Rose SW, Mayo A, Ganz O, Perreras L, D'Silva J, Cohn A. Perceived racial/ethnic discrimination, marketing, and substance use among young adults. J Ethn Subst Abuse. 2019 Oct-Dec;18(4):558-577. doi: 10.1080/15332640.2018.1425949. Epub 2018 Feb 9. PubMed PMID: 29424638.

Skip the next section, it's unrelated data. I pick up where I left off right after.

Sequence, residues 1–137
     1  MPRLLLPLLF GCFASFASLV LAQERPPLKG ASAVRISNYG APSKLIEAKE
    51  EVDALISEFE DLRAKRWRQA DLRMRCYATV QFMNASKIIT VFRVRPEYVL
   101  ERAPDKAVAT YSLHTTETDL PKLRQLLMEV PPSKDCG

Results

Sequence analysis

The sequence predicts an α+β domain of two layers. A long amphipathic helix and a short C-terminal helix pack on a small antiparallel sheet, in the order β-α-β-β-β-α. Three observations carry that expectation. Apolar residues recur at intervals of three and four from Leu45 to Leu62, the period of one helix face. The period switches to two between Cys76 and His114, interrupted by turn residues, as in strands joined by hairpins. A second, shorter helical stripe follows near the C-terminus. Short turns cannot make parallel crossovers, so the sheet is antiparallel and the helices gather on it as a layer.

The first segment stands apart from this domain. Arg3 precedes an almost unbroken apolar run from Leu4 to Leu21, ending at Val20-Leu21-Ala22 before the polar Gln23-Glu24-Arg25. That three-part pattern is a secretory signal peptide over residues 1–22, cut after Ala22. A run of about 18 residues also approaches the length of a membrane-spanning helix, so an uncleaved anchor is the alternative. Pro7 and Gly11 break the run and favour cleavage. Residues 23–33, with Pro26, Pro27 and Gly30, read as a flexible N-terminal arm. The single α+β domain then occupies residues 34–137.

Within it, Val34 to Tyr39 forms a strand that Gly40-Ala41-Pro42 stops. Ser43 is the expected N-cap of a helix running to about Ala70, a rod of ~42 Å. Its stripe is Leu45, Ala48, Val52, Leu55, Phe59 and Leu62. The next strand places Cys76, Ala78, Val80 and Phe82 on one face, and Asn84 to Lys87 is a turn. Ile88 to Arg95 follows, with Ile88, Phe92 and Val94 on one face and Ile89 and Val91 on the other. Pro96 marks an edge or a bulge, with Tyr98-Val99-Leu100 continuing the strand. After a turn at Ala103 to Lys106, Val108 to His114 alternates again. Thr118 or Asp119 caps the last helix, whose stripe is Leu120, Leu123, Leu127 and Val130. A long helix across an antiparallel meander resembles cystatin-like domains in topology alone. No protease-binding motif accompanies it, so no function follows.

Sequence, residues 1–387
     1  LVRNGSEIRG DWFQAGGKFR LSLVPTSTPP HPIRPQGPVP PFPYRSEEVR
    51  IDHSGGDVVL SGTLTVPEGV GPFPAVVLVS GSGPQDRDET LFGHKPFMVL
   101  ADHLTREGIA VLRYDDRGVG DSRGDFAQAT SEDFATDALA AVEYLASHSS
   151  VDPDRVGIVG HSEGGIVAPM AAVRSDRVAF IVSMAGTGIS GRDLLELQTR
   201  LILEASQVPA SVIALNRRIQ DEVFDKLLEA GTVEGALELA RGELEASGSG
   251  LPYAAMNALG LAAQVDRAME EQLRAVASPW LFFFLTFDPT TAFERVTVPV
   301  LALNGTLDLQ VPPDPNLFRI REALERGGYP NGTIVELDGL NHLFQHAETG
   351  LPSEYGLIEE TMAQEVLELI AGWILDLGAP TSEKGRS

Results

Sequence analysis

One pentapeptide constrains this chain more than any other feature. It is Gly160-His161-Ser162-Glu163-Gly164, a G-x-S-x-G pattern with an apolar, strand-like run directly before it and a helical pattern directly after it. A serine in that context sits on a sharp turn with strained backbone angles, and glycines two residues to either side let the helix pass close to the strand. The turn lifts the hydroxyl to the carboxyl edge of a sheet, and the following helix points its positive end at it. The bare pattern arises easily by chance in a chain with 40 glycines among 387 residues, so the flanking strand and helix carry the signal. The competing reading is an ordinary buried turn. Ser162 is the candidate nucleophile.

Laurie McLouth, PhD is a faculty member of the Center for Health Equity Transformation, and an Assistant Professor of Behavioral Science in the University of Kentucky College of Medicine and the Markey Cancer Center. She is a clinical psychologist and the goal of her research program is to improve the lives of patients and families affected by advanced stage cancer by developing, testing, and disseminating multi-level supportive care interventions that are easily embedded in existing workflows. She is a behavioral researcher with expertise and research interests that include: (1) conducting quantitative and qualitative research to understand the impact of new cancer treatments on patients and their families; (2) developing and evaluating supportive care and survivorship care interventions that leverage positive psychology; and (3) identifying multi-level intervention targets to improve cancer care delivery and increase access to guideline-concordant cancer care. Her currently funded research focuses on testing the feasibility of a nurse-led hope-enhancing intervention for metastatic lung cancer patients during cancer treatment (R03 CA235171-01A1) and conducting a multi-level assessment of current practices, barriers, and facilitators to non-hospice palliative care for advanced stage lung cancer in rural oncology practices in Kentucky (ACS IRG 16-182-28).